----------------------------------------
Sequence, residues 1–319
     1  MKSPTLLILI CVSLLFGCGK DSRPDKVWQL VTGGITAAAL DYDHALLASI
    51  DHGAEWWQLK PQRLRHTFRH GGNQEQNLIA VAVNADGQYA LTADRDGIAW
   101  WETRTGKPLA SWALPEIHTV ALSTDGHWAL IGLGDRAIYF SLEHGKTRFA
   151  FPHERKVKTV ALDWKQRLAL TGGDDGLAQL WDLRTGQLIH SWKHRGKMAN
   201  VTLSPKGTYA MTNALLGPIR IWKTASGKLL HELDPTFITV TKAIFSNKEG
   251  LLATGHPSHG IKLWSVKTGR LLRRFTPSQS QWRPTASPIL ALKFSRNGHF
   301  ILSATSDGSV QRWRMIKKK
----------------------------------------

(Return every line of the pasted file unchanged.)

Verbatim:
Sequence, residues 1–319
     1  MKSPTLLILI CVSLLFGCGK DSRPDKVWQL VTGGITAAAL DYDHALLASI
    51  DHGAEWWQLK PQRLRHTFRH GGNQEQNLIA VAVNADGQYA LTADRDGIAW
   101  WETRTGKPLA SWALPEIHTV ALSTDGHWAL IGLGDRAIYF SLEHGKTRFA
   151  FPHERKVKTV ALDWKQRLAL TGGDDGLAQL WDLRTGQLIH SWKHRGKMAN
   201  VTLSPKGTYA MTNALLGPIR IWKTASGKLL HELDPTFITV TKAIFSNKEG
   251  LLATGHPSHG IKLWSVKTGR LLRRFTPSQS QWRPTASPIL ALKFSRNGHF
   301  ILSATSDGSV QRWRMIKKK